It was in the seventies that Pakistan really managed to bounce back in the world of squash. And it was because of a group of young players, who helped Pakistan’s revival after a barren run that started in the early sixties with the exit of the first generation of Pakistan’s British Open winners.

At the top of the list was Gogi Alauddin. A son of a squash professional, Gogi was initially a gifted badminton player, who later switched to squash making it his full-time profession.

In 1970, Gogi went to England on a trip sponsored by some of his friends and won the British amateur title on his debut. He defended the title in 1971.

Gogi joined the professional circuit in 1973 and was soon seen as a major contender for major international titles. With his excellent lobs, sidewalls and nicks, he became one of the most feared players on the circuit. Gogi’s reputation grew tremendously when he defeated the great Geoff Hunt in the semi-finals of the 1973 British Open but he failed to regain the title for Pakistan and lost to Barrington in the final.

“I was at my best during 1973 to 75 and won almost all the major titles except for the British Open, something which I still regret,” Gogi once told me.

In 1975, Gogi was seen as the hot favourite for the British Open having reached the final in commanding fashion. But he lost again, this time to Qamar Zaman, the man remembered as the champion, who regained the British Open title for Pakistan (I’ll share Qamar’s story on these pages next week).

“I still don’t know what happened during that final. Before the final everybody thought that I would win the title. But I lost. It was the worst day of my career. I think maybe I became too overconfident,” Gogi lamented.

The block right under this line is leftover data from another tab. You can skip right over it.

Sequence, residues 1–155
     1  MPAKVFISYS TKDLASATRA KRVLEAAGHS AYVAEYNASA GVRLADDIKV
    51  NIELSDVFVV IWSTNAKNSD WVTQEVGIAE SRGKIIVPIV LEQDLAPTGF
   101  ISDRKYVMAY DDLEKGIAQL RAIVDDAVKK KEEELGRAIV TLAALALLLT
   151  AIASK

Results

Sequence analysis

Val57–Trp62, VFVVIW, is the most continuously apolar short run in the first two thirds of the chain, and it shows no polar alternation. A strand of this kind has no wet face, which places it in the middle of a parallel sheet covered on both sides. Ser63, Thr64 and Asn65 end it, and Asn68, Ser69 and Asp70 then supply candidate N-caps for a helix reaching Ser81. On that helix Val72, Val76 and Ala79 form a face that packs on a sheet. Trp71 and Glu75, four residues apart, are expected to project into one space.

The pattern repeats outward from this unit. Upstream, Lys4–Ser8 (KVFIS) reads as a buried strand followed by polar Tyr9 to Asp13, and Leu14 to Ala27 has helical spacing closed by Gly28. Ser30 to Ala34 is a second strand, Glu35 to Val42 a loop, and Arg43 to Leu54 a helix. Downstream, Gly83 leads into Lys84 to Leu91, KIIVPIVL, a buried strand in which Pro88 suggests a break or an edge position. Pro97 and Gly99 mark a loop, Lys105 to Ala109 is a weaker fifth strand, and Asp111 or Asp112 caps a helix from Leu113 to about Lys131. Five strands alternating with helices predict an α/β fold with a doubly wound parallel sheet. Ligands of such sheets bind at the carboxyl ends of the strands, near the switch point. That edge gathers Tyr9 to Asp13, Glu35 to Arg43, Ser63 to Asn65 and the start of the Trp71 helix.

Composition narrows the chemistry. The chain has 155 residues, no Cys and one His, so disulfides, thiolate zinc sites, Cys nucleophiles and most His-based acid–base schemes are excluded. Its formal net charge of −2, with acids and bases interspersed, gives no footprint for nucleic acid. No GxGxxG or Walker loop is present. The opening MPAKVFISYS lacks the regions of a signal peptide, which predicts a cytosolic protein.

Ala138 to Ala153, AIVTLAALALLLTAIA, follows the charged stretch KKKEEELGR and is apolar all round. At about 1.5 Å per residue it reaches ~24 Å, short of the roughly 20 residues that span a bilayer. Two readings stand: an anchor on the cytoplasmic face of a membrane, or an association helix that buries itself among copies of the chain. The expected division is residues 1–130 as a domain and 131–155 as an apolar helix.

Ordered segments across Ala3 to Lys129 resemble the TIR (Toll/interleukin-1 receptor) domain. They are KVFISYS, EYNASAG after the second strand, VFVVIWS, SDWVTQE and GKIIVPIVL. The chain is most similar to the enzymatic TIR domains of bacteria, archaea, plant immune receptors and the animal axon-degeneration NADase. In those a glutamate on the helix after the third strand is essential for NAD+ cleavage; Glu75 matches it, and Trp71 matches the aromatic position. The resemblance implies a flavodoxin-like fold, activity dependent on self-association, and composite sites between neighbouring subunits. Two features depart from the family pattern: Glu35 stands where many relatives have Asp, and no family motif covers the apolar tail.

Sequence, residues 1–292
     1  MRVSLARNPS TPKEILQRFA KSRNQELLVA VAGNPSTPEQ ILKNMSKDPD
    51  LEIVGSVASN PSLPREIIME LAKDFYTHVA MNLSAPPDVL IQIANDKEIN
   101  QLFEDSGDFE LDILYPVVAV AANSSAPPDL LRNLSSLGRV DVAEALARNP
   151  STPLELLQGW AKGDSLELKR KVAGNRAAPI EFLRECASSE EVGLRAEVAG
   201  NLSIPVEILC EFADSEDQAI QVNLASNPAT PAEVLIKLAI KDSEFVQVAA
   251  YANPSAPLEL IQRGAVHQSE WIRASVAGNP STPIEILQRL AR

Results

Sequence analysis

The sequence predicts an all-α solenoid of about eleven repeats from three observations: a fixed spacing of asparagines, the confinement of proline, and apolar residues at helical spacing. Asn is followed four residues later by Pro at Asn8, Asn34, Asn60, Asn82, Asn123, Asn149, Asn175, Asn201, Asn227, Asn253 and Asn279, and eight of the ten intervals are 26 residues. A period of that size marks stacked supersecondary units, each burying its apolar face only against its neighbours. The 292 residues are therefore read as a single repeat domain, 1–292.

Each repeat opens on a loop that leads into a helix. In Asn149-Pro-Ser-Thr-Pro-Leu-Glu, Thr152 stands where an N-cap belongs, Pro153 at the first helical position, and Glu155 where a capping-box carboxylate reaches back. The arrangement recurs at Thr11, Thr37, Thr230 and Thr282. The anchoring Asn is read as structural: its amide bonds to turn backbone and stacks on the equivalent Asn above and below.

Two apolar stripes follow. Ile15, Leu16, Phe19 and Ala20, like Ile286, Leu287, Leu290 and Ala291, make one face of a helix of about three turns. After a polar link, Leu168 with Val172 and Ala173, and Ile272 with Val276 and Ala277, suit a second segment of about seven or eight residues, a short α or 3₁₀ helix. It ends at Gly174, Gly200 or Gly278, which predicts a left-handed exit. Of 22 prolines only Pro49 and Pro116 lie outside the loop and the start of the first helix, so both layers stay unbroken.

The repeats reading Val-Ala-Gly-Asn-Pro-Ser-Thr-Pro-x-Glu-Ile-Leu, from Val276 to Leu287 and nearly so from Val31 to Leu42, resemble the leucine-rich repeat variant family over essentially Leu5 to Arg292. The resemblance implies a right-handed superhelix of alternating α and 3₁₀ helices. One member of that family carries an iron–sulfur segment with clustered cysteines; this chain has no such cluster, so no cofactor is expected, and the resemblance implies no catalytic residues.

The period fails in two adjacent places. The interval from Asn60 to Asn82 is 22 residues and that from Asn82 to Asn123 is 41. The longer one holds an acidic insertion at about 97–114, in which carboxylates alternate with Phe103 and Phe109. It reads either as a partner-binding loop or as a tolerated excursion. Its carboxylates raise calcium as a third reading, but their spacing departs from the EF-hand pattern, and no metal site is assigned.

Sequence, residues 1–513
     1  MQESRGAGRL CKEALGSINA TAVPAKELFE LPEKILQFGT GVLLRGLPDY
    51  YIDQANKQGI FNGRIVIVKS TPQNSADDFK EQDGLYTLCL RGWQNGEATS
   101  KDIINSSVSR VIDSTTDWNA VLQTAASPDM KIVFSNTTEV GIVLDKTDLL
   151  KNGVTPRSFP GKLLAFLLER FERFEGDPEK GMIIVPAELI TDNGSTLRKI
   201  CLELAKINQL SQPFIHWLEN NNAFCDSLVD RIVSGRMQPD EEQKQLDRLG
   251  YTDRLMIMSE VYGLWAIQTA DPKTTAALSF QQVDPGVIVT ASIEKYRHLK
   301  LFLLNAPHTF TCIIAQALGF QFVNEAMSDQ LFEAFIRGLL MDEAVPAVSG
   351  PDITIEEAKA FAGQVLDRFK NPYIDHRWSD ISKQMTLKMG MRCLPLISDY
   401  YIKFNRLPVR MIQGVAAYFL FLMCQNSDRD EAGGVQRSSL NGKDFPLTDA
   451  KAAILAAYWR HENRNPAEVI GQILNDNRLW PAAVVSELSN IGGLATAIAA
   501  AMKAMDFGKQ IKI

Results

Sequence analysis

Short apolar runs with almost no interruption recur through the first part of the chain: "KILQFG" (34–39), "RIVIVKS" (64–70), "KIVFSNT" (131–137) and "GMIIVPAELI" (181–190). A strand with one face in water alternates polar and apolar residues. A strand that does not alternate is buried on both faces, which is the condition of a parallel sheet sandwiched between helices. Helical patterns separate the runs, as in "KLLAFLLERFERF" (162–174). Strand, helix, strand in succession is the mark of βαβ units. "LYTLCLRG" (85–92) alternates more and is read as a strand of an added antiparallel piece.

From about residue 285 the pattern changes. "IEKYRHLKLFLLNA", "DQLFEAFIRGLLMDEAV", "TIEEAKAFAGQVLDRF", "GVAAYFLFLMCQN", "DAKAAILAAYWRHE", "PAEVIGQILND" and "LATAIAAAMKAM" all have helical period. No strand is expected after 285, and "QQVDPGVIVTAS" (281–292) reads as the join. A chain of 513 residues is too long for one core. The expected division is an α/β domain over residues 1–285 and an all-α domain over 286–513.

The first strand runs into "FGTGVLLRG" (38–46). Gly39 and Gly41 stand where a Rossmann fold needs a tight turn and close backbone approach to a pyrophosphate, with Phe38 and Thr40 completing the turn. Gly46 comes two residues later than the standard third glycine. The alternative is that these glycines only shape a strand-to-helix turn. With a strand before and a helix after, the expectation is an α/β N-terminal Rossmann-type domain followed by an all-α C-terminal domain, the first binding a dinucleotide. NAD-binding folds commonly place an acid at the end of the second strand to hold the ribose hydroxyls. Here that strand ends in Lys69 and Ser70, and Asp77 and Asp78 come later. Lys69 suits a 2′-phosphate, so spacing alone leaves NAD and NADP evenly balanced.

One of the high points of Gogi’s career came in 1976. The occasion was the grand opening of the PIA Squash Complex in Karachi. The national carrier hosted the PIA Open at the venue where all the top players of the world assembled for the event.

Gogi was in his element during the tournament as he edged out Geoff Hunt in the semi-finals and then prevailed over Mohibullah Jr in an equally grueling final to win the title.

Another Pakistani, who could have won the British Open was Gogi’s close friend Hidayat Jahan. Hiddy, as he was later known among his peers, hailed from Quetta. He was part of a young pack of Pkistani squash players who made seventies the golden period of world squash. But Hiddy, who married a British woman, switched allegiance and rose the the rank of World No. 2 as a Briton. He was a favourite to win the British Open in 1982. He was 32 and at the peak of his career, when he faced an opponent almost half his age in the final of the British Open that year. That young boy called Jahangir Khan, won the title and then went on to win more to create a record that still exists.

Also part of the young pack in the seventies were Torsam Khan and Sajjad Muneer. Torsam, was an exciting player on the circuit, but unfortunately died after collapsing on the court while playing a match in Adelaide.

To be continued.

Khalid Hussain is Editor Sports of The News [email protected]

The barren run